- 1 Nirvanix Shut-Down Sends Shockwaves through the Cloud Services Industry
- 2 Red Hat Enterprise Linux 6.5 Brings the Goods, Softly but Surely
- 3 Recapping the World of Server Virtualization in 2013
- 4 What Does VMware's Stock Price Say About the Company's Future?
- 5 Red Hat Ramps Up Virtualization and Cloud Initiatives
Microsoft Looking to Lure Customers Away from VMware
Game poaching — entering lands at night to take or destroy game — is a problem all around the world. In this context game is usually deemed to include hares, pheasants, partridges, grouse and bustards.
One thing that "game" is not generally deemed to include is virtual machines — VMware's virtual machines in particular.
But there's no doubt that Microsoft's new Virtual Machine Convertor (2.0) has been released with one purpose in mind: making it easier for the company to poach VMware's VMs and turn them into Microsoft Hyper-V ones.
Here's the background. Back in 2012 Microsoft released Virtual Machine Convertor, making it easy to poach VMware's business by allowing VMware customers to switch from the VMware hypervisor to server virtualizaton based on Hyper-V. The new version of Virtual Machine Convertor has additional features, and can now poach VMs running on ESX 5.5 as well as VMware vSphere 5.1 and VMware vSphere 4.1.
What new features? The biggest one is the ability to convert virtual disks that are attached to a VMware virtual machine to virtual hard disks (VHDs) that can then be uploaded straight to Microsoft's Windows Azure public cloud environment. All with "a simple wizard driven experience," as Microsoft rather breathlessly says.
Opening Up A Whole New Poaching Market
Why is that a big deal? Because it makes it easy to poach VMware machines running in enterprise data centers that might otherwise be destined for VMware clouds. That opens up a whole new poaching market for Microsoft, and it's a kick in the teeth for VMware's hybrid cloud services. VMware is particularly keen on the cloud as a new business opportunity, and the company launched its vCloud Hybrid Service just last year.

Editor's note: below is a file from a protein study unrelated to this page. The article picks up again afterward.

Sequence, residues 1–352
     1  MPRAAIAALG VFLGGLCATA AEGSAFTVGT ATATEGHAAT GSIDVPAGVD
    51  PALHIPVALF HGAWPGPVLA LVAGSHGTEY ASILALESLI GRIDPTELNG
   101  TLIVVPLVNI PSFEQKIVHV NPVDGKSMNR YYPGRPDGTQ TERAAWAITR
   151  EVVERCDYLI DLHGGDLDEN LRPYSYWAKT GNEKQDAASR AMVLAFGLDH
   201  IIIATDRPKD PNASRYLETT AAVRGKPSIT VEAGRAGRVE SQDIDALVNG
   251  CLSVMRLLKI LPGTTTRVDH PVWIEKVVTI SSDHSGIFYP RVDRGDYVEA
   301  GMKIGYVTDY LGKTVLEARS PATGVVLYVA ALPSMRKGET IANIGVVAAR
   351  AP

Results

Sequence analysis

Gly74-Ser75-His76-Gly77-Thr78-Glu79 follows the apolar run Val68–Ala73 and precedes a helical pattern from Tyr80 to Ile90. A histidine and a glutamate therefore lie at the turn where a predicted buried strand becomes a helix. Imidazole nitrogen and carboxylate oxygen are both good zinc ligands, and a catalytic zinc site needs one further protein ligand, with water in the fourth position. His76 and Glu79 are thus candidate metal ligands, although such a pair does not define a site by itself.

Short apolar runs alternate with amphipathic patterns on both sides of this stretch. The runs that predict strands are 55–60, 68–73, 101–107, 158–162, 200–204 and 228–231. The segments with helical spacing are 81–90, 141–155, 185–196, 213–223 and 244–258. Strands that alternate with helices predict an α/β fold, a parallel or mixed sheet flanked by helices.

So it's pretty clear that a tool that gives customers the ability to move their VMware VMs to Hyper-V and Azure instead of the vCloud Hybrid Service will be about as welcome as a poacher at a game keeper's tea party.
And just to rub salt in the wound, Microsoft's tool now supports the conversion and provisioning of Linux-based guest operating systems — including CentOS, Debian, Oracle, Red Hat Enterprise, SuSE enterprise and Ubuntu — from VMware hosts to Hyper-V hosts, so this goes well beyond just poaching Windows-based virtual machine guests.
Microsoft has also added a PowerShell interface for scripting and automation support. This makes it possible to automate your server virtualization migration using workflow tools including System Center Orchestrator.
As an aside, you might think that a virtual machine convertor would be able to convert your physical machines to virtual ones too, and send them up to Azure if you wanted. But in this case you'd be wrong: Virtual Machine Convertor only deals with virtual-to-virtual conversions.
That's a shame for users of System Center 2012 R2, because P2V conversion capabilities were controversially (some would say scandalously) dropped from the Virtual Machine Manager module in System Center 2012 R2. Microsoft seems to assume that everyone should have gone 100% virtual by now, so it's poaching to the converted, as it were.
For now the workaround is to install Virtual Machine Manager 2012 SP1 to carry out P2V conversions, Microsoft rather haughtily says that VMM 2012 SP1 should be fine " to perform any remaining Physical-to-Virtual conversions," as if to say shame on you if you haven't converted all your servers to virtualization technology by now.
If you do still have a large number of old-fashioned physical machines, the good news is that there are intimations that the next version of Virtual Machine Convertor will (re)introduce P2V functionality. The bad news? For this next version you may have to wait until the end of the year.
Paul Rubens is a technology journalist and contributor to ServerWatch, EnterpriseNetworkingPlanet and EnterpriseMobileToday. He has also covered technology for international newspapers and magazines including The Economist and The Financial Times since 1991.
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